The Honest Era

April 5, 2011
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The remaining population of the world agreed: dishonesty, duplicity, and confidentiality were the root of humanity’s problems. They were promptly outlawed.
However, the population had learned that outlawing something doesn’t eradicate it. People never do what they’re told. So we all wore signs on our chest. They were big, crude pieces of cardboard with little truths painted on them in black letters.
The signs told people who we were, and what we were.
‘This is Micah Roberts. He likes to eat honey alone, out of the jar. He can’t stand the cold. He lost his family in the war. He is 17 years old. He’s allergic to peanuts. He was in love, once. He once robbed a convenience store. He killed a man in the war. Before the war, he wanted to go to college. Micah doesn’t trust men with beards. He likes the smell of coffee’…
People would read one another’s signs before they even looked at their faces.
But soon the signs got crowded. You can’t fit the truth of a whole human being on a piece of cardboard.
So we carried books and handed them to everyone we met. Before you said a word to anyone you read the story of his life. That way, no one got caught off guard. That way, no one got hurt. But the books didn’t work either. They got lost or damaged. They weren’t updated regularly enough, or they were updated too frequently and they filled up. Carrying around two or more books was cumbersome.
The books also left room for dishonesty. One could claim to lose his book when really he just left it at home, or he could purposely not write something down, so he wouldn’t have to share it with the rest of the world.
People started to become discriminatory with their books. They would only show them to certain people. A book could be hidden from the entire world save the woman one loves. One could be honest only with certain people.
So we few who were still devoted to the principle took to the skies. And we wrote ourselves in smoke. We all got a plane and we wrote out lives proudly across the sky —in big white smoke letters, so that everyone could see it. ‘I’m an alcoholic. I was wrong to love you, Lena Jackson. I’m grateful for the war. I hate being honest.’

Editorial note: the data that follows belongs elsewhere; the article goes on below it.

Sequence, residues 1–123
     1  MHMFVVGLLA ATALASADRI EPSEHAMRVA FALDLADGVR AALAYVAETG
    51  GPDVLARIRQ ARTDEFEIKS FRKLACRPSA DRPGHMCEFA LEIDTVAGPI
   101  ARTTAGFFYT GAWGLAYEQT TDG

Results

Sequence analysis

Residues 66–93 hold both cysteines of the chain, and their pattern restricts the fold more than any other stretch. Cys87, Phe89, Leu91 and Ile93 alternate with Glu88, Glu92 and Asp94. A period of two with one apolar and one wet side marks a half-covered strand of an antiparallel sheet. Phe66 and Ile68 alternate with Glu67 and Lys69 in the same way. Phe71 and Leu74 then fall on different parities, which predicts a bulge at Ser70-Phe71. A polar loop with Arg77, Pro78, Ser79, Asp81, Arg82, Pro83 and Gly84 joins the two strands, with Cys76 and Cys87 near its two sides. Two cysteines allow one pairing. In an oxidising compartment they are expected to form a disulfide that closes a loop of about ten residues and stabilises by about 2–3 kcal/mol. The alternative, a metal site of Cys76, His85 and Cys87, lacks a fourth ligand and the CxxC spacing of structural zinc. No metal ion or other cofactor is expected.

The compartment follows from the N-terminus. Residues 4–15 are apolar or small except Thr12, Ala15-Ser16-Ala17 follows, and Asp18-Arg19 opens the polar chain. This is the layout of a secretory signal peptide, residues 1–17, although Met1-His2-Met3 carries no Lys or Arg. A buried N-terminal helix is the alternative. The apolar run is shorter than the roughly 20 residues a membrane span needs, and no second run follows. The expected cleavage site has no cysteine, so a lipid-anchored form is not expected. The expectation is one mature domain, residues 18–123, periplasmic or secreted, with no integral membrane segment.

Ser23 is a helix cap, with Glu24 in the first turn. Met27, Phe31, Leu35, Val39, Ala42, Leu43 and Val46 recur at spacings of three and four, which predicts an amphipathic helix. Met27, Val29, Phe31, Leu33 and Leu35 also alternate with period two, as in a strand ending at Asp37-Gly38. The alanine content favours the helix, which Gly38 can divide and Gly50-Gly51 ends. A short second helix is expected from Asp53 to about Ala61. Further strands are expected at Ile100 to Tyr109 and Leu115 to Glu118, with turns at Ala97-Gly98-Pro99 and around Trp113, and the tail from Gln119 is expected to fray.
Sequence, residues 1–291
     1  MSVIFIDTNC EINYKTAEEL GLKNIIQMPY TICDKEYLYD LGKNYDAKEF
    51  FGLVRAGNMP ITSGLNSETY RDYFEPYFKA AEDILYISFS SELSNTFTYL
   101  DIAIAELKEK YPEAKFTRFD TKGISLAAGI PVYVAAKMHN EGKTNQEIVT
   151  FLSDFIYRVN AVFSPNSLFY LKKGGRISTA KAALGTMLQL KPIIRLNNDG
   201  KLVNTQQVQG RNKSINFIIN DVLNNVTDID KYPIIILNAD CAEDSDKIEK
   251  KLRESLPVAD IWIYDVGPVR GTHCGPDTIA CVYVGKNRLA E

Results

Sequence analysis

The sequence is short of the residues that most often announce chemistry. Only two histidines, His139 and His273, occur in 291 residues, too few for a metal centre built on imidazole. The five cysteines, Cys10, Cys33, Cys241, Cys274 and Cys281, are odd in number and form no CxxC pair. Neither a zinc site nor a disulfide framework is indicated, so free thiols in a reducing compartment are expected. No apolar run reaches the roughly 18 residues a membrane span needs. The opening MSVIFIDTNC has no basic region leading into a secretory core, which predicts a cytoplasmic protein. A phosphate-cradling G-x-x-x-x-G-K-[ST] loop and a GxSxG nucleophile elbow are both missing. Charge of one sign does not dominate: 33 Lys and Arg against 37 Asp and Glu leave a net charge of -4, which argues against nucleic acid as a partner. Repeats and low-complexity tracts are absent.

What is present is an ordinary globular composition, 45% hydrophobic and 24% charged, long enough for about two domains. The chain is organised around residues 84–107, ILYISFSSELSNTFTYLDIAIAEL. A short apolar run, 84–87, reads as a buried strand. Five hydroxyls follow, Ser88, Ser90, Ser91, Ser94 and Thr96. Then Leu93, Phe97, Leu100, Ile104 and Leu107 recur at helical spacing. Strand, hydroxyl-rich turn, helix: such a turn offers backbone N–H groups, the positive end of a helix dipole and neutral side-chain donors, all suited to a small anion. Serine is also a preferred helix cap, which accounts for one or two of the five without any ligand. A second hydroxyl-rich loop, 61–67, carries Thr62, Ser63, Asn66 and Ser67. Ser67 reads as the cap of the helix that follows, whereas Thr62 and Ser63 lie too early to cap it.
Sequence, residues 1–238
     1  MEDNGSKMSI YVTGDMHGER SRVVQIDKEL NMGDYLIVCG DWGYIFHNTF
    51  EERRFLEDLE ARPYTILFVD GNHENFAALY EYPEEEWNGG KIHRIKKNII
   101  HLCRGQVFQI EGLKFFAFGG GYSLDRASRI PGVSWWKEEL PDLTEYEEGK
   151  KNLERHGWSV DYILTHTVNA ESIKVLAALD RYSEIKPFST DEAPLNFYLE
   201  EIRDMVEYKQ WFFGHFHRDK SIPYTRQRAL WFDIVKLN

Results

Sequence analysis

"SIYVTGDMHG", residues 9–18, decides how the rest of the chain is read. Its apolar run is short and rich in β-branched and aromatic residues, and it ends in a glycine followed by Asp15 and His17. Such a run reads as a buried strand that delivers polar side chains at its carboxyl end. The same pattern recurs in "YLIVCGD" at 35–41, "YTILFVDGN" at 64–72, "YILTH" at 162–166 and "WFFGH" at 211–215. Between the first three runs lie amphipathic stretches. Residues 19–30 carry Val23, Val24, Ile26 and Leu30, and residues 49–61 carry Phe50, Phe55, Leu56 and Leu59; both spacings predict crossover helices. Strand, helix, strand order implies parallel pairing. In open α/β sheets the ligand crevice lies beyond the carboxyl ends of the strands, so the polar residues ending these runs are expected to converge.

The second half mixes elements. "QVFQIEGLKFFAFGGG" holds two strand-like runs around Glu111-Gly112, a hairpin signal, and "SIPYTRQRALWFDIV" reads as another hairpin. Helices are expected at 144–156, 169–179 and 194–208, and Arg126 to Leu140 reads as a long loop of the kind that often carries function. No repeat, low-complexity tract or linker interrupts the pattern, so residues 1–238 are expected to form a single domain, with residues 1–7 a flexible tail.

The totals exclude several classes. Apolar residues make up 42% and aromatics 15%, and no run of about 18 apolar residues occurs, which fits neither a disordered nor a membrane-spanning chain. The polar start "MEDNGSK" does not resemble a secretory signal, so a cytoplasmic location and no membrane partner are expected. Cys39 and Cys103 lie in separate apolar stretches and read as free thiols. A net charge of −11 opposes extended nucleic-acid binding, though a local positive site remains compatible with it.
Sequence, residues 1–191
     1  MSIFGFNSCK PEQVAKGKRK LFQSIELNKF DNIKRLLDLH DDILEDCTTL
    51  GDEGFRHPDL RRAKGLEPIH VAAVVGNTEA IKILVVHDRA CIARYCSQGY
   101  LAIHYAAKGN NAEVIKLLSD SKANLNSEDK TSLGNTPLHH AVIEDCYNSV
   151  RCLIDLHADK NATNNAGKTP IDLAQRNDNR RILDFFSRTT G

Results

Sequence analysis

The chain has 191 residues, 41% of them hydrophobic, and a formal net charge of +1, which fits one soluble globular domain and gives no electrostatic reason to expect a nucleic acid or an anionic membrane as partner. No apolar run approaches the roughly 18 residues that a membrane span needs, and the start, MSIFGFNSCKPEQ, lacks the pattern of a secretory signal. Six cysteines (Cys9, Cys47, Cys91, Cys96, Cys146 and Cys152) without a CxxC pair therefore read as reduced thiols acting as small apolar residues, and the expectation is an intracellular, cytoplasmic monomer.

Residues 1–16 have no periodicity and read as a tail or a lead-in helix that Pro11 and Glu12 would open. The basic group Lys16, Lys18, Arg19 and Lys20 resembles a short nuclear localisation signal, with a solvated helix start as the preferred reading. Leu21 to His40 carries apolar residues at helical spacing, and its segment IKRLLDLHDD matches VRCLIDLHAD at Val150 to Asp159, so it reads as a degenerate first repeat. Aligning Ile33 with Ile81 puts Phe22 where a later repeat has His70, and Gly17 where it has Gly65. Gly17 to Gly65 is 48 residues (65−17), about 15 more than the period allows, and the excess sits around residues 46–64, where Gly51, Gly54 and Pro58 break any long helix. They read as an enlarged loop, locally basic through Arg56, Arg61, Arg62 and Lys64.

We were an inspiration to the population. They cheered for us when we went up, and celebrated with us when we came down. They called us the Sky Scorchers. Everyone wanted to be one of us-- to write the truth upon the heavens.
Soon there were so many Scorchers that the air was filled with the smog of our morality. Children couldn’t breathe—they were being choked to death by the smog of so many people writing so many truth’s in the sky. They were killed by the truth pollution.
Eventually, we blocked out the sun with our honesty. And it was our frankness that sparked the fall of the remaining population of the world.

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LiveInTheMoment said...
Apr. 16, 2011 at 9:17 am
Wow, this is great, keep on writing! I loved how it was serious, and imaginative. LOVED the vocabulary. Perfect choice of words. If you have time, please check out, rate, and comment on my poem, The Girl Inside. Thanks!!! 8)
uglyfudge said...
Apr. 13, 2011 at 6:58 pm
This is wondefully haunting and fascinating. I love it!
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